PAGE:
This Week In History, Week of October 3-9, 2016


This Week In History

by Dianne Hermann

“While I take inspiration from the past, like most Americans, I live for the future.”

– Ronald Reagan

Week of October 3-9, 2016


October 3

1789 – George Washington proclaims the first national Thanksgiving Day will be on November 26th. In 1863, President Lincoln changes Thanksgiving to the last Thursday in November.

1849 – American author Edgar Allan Poe is found delirious in a gutter in Baltimore, Maryland, under mysterious circumstances. It is the last time he is seen in public before his death on October 7th.

1904 – Educator and activist Mary McLeod Bethune opens the Daytona Normal & Industrial School in Florida, which later becomes Bethune-Cookman College. She is also the founder of the National Council of Negro Women in 1935 and serves as an advisor to FDR. Mary died in 1955 at age 79.

1920 – The American Pro Football Association (now the NFL) plays its first games.

1922 – The first facsimile (fax) photo is send over city telephone lines in Washington, DC.

1945 – Elvis Presley makes his first public appearance at age 10 in a
singing contest at the Mississippi-Alabama Fair and Dairy Show. He sings
“Old Shep.”

1955 – “Captain Kangaroo” premieres on TV and airs until 1992. Bob Keeshan (a.k.a. Captain Kangaroo) was also the original Clarabell on the Howdy Doody Show. Bob served in the U.S. Marine Corps Reserves during World War II. The Captain died in 2004 at age 76.

1955 – The “Mickey Mouse Club” premieres on TV with 39 kids and 3 adults in the cast. The show airs until 1959 but is revived in the 1970 and again in the 1990s. Among the original cast are actress Annette Funicello and future Lawrence Welk dancer Bobby Burgess. Watch part of the first episode:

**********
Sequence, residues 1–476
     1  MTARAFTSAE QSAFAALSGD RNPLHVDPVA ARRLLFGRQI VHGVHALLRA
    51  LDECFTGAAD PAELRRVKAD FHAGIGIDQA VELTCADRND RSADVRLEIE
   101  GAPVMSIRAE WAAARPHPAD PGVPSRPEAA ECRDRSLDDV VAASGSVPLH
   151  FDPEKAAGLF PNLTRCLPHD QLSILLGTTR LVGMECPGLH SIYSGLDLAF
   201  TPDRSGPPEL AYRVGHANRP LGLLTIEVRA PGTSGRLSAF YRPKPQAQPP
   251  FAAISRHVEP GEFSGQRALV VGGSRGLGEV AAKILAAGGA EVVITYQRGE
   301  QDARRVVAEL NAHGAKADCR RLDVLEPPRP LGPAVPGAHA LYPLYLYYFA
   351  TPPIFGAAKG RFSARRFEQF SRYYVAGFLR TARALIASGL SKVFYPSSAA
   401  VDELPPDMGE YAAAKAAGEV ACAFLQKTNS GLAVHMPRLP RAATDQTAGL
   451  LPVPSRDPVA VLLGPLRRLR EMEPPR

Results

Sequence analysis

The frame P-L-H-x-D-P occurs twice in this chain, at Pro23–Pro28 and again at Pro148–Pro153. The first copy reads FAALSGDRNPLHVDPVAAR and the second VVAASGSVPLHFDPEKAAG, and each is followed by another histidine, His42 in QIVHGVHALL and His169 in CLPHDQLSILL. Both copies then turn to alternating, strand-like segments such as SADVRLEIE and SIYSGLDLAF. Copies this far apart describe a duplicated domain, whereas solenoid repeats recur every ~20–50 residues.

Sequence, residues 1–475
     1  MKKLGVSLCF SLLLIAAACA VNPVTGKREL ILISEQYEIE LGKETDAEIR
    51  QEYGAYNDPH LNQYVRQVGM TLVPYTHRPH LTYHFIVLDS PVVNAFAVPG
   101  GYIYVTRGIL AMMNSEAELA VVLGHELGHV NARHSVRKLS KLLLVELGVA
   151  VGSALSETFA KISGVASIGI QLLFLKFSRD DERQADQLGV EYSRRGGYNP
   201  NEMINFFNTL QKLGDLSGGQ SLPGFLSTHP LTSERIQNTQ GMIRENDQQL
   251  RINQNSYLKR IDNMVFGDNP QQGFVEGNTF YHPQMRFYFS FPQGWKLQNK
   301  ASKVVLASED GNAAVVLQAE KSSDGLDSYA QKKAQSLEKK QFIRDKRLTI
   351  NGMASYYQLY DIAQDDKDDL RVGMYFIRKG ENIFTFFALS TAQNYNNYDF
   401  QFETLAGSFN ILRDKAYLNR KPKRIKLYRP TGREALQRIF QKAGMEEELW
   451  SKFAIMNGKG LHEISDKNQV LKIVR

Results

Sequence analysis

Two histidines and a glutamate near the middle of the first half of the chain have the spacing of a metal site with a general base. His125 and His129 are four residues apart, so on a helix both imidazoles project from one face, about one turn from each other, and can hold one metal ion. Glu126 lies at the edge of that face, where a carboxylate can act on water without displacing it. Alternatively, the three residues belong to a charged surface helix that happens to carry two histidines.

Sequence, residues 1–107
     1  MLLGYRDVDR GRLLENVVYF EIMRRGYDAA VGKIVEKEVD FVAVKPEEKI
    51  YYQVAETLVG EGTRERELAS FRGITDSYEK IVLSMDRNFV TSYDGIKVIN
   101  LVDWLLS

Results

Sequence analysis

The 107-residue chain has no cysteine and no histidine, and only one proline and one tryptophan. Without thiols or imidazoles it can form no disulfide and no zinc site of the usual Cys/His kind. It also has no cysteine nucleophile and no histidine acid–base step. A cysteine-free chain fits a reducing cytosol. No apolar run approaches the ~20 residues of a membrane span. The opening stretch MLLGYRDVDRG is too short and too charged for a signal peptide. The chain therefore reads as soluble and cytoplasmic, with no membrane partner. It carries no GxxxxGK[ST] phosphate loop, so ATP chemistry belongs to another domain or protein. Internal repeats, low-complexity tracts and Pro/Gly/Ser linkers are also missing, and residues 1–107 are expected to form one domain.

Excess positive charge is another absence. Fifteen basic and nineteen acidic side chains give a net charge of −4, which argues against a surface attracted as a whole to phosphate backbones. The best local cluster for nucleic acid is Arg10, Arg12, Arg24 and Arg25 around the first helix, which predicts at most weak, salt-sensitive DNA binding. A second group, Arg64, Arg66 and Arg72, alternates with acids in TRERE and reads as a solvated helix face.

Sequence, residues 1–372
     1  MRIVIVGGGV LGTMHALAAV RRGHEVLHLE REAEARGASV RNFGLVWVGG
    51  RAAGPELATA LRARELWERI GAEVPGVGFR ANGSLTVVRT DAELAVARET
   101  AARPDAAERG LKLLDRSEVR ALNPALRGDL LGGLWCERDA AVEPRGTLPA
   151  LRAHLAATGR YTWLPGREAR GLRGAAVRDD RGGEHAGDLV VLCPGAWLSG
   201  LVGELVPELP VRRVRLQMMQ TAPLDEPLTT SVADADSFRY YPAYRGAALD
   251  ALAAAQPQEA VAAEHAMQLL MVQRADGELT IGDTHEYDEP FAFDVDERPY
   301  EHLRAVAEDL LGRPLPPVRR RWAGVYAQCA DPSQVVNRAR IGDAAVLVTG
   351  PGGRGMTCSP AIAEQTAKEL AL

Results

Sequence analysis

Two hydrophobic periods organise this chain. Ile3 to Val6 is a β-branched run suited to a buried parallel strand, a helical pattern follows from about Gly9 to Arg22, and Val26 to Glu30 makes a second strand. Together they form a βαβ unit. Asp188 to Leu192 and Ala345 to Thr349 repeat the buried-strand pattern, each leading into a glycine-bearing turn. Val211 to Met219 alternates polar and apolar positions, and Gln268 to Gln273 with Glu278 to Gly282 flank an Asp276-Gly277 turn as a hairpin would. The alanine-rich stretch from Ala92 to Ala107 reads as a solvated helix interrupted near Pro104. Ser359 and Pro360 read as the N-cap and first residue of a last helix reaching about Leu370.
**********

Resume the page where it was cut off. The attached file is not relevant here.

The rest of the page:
1961 – The “Dick Van Dyke Show” and “Mr. Ed” premiere on TV and both air until 1966.

1971 – Billie Jean King becomes the first female athlete to earn $100,000 in a year.

1974 – Frank Robinson (Cleveland Indians) becomes baseball’s first black manager.

1984 – The government shuts down (again) due to lack of Congressional agreement over passage of bills.

1993 – Eighteen U.S. Soldiers and about 1,000 Somalis are killed in heavy fighting in an attempt to capture officials of warlord Mohamed Farrah Aidid’s organization in Mogadishu, Somalia,

1995 – OJ Simpson is found not guilty in the murder of his ex-wife Nicole Simpson and her friend Ron Goldman in Los Angeles, California. Watch the verdict being read with OJ’s reaction:

2003 – Roy Horn of Siegfried & Roy is attacked by one of the show’s tigers. His severe injuries lead to the permanent cancelation of their Las Vegas show. The tiger died of an illness in March at age 17. Siegfried Fischbacher is 77 and Roy Horn is 71 years old.

2008 – OJ Simpson is found guilty of charges of kidnapping and armed robbery.

2008 – President George W. Bush signs the $700 billion bailout bill for the U.S. financial system.